Before applying this layer of wax, you need to clean the base to get rid of any dust or wax debris. To clean the base well, you should use one of the base cleaners we recommended above and wipe them along your base with a rag.
Snow is full of contaminants that unfortunately sit on your base, which has pores -just like your skin- that’ll welcome these contaminants happily. So when we’re cleaning the base, we’re not just scrubbing the surface, but we’re also trying to reach these pores and get what’s inside them.
After your base is clean and dry, the next step is to apply wax. First, you need to make sure that the base is dry with no cleaner traces on it. You also need it to be warm. Room temperature is okay.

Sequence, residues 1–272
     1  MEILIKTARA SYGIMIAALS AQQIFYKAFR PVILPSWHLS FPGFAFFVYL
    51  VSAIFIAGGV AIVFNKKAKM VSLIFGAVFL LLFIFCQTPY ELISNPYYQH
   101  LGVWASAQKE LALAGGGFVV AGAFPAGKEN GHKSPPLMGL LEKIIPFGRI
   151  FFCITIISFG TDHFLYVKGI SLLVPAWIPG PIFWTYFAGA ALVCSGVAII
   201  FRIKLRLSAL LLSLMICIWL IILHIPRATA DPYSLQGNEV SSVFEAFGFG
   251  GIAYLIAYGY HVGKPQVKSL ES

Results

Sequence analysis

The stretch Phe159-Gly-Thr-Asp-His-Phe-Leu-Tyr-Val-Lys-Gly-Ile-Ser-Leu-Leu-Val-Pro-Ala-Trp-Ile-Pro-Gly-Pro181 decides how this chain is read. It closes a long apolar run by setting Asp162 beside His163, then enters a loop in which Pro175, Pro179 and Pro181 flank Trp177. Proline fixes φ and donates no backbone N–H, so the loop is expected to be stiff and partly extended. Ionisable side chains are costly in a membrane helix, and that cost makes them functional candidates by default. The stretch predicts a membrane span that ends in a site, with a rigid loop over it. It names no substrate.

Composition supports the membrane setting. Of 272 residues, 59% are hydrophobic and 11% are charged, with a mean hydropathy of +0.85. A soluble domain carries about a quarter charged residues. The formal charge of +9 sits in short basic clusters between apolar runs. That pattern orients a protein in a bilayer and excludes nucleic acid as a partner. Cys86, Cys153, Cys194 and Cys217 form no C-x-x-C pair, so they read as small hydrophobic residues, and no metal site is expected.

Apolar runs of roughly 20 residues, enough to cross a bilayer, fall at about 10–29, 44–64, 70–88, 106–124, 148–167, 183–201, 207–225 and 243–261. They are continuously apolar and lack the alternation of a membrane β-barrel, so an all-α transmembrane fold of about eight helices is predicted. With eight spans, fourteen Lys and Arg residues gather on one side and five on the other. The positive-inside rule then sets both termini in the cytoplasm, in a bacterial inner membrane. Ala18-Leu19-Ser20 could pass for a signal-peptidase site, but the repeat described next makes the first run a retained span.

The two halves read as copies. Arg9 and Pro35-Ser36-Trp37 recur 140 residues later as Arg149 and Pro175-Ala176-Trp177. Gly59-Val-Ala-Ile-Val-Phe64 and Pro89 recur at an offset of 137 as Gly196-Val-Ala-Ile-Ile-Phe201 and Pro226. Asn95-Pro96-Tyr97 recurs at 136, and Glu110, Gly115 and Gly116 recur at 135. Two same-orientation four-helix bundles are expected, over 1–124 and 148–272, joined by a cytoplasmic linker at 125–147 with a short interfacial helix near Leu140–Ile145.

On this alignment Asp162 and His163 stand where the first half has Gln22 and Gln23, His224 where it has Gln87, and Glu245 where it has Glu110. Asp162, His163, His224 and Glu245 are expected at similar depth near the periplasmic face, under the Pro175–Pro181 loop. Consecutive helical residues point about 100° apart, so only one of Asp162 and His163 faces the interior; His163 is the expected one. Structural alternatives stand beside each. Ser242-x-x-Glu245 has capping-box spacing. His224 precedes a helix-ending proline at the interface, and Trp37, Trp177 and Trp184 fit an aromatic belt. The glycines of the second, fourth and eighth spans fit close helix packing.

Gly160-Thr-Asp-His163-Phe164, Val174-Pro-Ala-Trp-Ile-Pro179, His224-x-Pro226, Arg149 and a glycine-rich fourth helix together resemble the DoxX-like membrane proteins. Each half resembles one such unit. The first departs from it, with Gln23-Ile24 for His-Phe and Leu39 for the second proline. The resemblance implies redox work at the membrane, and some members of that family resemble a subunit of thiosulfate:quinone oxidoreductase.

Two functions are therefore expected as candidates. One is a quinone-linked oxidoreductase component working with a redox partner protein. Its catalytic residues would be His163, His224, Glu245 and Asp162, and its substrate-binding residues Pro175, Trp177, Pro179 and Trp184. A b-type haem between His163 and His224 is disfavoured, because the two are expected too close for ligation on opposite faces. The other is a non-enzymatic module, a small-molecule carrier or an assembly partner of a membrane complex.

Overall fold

Next, you glide some wax using a wax iron. Wintersteiger’s Ski/Snowboard waxing iron is a nice one. It has temperature adjusting abilities and will melt the hardest wax. You start dripping wax along with your board evenly then.
You’ve got to find a suitable temperature for the wax. Don’t opt for high temperatures just to be quick. If you detect the smoke smell, then you’ve already gone too far. Lower the temperature and move on.
After you’re done, let it sit and cool down for as long as it takes.
To finish off your wax job, you should scrape it off to remove the excess layer, then buff it. Some people might skip this step on the account that wax will scrape off while you’re snowboarding or skiing anyway, which is true, but a well-scrapped board is definitely better. You don’t want to do a sloppy job, do you?